In 2020, women lost more jobs than men following historic gains in female employment the year before. Women are also expected to take longer to reenter the labor force, with many held back over a lack of child care, but women of color have been hit the hardest. They make up the majority of caretaking and service industry roles and now, a year into a far-reaching crisis, they are having the hardest time getting rehired, according to a new report from American Progress. Enter economist Cecilia Rouse, nominated by President Biden to lead the Council of Economic Advisers and help steer the most unequal recession in modern history. Split wide open by the global pandemic, an economic gender and racial gap exists that may take a generation to repair.
Rouse is a prominent labor economist with expertise in the economics of education and equality, as well as issues related to long-term unemployment. If confirmed, Rouse would become the first African American woman, and only the fourth woman, to lead the CEA in its 74 years of its existence. Rouse previously served as a member of President Obama's Council of Economic Advisers. She will be a close adviser to President Biden as the Administration proposes an equitable, robust recovery package to Congress.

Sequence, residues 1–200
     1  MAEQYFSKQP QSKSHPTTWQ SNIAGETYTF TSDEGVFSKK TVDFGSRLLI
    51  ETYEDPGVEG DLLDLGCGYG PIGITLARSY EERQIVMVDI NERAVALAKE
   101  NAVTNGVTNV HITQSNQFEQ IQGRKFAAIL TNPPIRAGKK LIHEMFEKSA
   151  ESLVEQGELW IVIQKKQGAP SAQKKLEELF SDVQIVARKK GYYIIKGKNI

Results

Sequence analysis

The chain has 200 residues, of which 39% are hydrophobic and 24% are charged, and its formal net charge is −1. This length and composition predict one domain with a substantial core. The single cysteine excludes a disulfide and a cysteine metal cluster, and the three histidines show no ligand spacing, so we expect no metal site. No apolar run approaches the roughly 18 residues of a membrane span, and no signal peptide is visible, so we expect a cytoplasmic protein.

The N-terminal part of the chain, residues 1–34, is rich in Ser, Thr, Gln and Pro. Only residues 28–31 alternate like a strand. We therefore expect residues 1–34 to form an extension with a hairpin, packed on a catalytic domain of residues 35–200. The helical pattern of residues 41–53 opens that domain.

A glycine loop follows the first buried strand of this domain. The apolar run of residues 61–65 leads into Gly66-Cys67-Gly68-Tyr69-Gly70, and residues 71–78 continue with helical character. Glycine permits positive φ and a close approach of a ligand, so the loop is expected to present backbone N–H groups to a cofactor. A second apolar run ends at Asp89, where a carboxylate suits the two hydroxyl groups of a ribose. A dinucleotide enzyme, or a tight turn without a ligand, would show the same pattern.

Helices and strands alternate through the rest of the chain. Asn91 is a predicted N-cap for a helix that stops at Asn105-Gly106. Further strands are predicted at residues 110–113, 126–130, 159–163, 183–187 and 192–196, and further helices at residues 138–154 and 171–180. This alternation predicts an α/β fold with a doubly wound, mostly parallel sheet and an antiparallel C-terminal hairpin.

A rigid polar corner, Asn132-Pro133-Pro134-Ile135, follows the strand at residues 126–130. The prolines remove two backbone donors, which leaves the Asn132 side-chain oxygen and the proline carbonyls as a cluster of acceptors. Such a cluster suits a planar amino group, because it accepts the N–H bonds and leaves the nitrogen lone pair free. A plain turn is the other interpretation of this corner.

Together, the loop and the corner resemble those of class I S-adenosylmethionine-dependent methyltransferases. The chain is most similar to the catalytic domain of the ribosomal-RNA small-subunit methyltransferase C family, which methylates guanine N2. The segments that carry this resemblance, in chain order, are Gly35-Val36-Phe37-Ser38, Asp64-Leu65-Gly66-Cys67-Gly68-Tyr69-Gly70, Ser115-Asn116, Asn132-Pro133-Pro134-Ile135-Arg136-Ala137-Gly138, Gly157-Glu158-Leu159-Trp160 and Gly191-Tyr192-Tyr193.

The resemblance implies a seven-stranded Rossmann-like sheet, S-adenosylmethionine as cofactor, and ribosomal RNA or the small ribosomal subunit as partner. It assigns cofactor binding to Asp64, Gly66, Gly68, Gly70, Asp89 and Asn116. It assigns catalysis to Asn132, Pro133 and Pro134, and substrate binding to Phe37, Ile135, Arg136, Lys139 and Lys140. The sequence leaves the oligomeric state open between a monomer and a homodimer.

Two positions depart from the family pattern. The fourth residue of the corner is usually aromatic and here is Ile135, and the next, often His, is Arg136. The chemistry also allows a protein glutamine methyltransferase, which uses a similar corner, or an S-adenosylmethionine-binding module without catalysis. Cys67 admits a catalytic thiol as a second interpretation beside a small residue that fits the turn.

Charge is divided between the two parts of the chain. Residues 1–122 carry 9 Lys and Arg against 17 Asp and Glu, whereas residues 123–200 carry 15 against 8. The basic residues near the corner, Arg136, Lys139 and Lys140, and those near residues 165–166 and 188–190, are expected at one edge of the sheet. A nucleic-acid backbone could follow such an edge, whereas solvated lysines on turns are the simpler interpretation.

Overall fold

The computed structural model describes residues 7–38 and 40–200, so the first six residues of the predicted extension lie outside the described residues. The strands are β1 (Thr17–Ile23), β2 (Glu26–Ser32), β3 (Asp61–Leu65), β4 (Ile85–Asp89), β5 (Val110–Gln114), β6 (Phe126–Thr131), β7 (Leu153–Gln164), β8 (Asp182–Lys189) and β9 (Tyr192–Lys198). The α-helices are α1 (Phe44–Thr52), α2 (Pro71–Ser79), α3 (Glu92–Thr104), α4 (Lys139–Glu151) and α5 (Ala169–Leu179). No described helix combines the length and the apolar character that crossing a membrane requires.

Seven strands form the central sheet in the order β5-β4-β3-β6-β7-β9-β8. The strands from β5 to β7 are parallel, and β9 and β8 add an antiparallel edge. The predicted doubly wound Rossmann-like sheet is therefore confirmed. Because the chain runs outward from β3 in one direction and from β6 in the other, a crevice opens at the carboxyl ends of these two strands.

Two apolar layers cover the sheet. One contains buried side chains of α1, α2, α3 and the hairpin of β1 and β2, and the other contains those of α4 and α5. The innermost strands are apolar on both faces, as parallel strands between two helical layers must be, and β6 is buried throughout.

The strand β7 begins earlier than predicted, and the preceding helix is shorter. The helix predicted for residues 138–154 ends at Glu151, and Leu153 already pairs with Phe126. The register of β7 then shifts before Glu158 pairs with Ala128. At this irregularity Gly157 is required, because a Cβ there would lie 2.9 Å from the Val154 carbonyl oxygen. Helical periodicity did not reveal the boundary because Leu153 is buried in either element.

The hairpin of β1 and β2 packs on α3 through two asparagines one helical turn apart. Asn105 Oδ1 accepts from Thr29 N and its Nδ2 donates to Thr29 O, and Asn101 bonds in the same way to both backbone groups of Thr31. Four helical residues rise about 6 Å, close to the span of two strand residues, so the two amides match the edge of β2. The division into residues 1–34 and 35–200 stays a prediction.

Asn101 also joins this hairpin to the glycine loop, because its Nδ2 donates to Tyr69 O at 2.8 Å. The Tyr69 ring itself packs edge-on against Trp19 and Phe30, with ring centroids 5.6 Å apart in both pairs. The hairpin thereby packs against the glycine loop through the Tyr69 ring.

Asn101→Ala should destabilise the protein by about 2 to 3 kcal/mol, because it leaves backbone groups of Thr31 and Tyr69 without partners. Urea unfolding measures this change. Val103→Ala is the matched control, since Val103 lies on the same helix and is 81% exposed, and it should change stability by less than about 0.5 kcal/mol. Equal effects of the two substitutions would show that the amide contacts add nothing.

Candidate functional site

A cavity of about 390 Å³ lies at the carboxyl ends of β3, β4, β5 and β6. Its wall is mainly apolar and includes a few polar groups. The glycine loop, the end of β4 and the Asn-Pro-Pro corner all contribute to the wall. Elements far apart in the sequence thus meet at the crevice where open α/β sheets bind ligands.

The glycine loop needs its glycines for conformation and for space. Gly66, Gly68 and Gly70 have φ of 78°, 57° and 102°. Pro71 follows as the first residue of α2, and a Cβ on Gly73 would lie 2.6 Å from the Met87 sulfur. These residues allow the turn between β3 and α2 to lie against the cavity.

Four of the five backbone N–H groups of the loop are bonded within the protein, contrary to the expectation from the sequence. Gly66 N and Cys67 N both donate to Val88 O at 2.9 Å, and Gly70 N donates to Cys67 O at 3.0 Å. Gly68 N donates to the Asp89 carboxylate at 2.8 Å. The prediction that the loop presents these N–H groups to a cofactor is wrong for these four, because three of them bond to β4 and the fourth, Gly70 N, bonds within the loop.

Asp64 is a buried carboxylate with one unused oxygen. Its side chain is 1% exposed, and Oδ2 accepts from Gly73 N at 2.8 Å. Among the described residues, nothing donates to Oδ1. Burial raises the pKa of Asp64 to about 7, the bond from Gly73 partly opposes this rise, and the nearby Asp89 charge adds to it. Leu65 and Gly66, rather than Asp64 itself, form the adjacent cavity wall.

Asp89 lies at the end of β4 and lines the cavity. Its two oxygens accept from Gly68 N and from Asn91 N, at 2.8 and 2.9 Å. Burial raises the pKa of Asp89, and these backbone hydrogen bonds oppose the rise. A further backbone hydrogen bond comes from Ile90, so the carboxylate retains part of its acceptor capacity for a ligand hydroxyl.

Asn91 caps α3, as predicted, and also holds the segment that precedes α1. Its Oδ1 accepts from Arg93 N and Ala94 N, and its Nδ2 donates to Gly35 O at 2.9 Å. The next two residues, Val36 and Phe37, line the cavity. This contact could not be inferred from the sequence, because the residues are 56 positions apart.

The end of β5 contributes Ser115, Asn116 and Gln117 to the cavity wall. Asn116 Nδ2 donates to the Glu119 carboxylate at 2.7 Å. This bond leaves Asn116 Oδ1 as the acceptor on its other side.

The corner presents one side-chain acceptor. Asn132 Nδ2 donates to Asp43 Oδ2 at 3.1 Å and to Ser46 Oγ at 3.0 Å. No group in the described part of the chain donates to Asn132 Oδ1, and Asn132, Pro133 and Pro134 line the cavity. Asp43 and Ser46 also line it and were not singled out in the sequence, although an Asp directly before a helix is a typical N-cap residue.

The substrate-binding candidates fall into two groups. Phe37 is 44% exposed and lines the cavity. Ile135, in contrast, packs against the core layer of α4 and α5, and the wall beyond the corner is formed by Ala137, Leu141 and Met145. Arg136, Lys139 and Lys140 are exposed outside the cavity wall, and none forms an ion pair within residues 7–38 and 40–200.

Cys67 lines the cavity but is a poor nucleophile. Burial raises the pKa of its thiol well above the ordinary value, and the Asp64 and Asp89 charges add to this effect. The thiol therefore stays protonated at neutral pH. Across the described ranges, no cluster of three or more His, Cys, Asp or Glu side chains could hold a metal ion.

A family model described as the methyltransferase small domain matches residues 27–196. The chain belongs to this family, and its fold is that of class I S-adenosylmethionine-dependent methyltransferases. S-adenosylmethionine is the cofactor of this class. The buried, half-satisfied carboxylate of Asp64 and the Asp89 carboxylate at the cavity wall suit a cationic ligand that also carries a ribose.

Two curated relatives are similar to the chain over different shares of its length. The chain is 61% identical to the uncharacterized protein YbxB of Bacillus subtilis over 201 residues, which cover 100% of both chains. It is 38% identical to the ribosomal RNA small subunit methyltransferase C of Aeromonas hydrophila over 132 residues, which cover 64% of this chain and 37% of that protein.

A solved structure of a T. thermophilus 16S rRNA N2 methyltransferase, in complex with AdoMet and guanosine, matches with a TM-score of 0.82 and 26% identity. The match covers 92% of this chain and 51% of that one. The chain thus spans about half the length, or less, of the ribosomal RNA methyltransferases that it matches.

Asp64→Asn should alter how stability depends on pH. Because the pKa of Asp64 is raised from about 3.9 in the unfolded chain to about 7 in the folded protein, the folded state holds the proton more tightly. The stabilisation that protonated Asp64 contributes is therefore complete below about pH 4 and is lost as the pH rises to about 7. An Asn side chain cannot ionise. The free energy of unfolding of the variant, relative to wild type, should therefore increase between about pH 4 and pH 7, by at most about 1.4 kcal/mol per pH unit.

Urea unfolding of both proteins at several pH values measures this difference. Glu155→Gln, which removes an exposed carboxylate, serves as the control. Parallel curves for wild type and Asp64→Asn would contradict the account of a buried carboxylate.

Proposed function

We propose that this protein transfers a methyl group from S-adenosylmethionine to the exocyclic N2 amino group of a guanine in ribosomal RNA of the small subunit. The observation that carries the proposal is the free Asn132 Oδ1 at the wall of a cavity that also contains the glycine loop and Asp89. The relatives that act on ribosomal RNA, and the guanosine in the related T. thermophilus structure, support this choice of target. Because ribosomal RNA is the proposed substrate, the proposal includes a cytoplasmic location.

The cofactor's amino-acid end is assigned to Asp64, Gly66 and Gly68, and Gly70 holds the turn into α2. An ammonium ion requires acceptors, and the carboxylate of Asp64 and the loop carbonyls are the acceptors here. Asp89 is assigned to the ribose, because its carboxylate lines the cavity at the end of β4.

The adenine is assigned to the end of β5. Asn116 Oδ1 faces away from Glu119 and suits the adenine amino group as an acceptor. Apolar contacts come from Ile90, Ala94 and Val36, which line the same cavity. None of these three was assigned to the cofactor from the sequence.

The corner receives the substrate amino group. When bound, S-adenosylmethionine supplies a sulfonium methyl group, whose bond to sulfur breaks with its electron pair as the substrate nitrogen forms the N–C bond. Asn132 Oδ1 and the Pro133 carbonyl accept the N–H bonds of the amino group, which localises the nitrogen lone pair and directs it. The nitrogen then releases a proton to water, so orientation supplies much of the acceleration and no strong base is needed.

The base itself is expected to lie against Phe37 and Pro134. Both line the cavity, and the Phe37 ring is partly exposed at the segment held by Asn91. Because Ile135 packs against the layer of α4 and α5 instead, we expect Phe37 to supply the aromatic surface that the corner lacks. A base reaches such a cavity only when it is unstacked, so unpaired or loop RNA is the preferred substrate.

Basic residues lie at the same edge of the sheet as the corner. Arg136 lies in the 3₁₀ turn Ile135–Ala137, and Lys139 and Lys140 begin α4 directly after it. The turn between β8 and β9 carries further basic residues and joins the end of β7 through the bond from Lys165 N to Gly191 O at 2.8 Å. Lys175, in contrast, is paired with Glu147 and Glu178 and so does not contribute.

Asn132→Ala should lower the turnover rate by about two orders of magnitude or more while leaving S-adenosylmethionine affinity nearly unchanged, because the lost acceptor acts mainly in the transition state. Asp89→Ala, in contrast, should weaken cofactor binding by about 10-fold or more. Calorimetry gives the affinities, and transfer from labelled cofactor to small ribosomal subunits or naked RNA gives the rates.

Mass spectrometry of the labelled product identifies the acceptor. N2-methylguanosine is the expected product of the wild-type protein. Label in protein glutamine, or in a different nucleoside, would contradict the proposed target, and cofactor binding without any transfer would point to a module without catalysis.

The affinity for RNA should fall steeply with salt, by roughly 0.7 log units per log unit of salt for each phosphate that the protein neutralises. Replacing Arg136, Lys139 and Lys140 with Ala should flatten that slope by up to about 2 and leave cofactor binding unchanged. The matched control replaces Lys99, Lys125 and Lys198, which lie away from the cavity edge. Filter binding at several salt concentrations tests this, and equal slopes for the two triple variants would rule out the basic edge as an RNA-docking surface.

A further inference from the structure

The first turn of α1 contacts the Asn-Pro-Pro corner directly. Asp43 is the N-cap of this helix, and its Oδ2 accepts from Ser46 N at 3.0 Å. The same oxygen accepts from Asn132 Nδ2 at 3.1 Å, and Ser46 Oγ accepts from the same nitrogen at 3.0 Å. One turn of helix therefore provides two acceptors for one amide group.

Rouse is “one of the most distinguished economists in the country, an expert on labor economics, race, poverty and education,” Biden said when Rouse was formally nominated. Her work during the Great Recession of 2008 focused on the ways women and people of color are disadvantaged in the labor force. Many economists during the time were focused on job losses among men. But speaking at a 2012 White House forum on women and the economy, Rouse pointed out that men’s employment was, in fact, recovering much faster than women. She also noted that women were spending longer periods on unemployment insurance and were more likely to have lost public-sector jobs that would be slow to return. Sound familiar?
Similar worrying gender and racial gaps are emerging during the current crisis. Rouse said she will address the immediate crisis and the deeper, discriminatory injustices with an eye on equality, “Today our country is living through the worst economic crisis since the Great Depression,” she said in a statement provided to the committee. “Millions of families have had their lives turned upside down, the economic security they’ve worked so hard to build eroded almost overnight by the economic impact of the pandemic. Far too many have slipped through our frayed safety net into hardship and hopelessness. And structural inequities that have always existed within our economy have not just been exposed, but exacerbated, their impact more devastating than ever before. Rouse made it clear that she wants to build back better: “…It is also an opportunity to rebuild the economy better than it was before—making it work for everyone by increasing the availability of fulfilling jobs and leaving no one vulnerable to falling through the cracks.”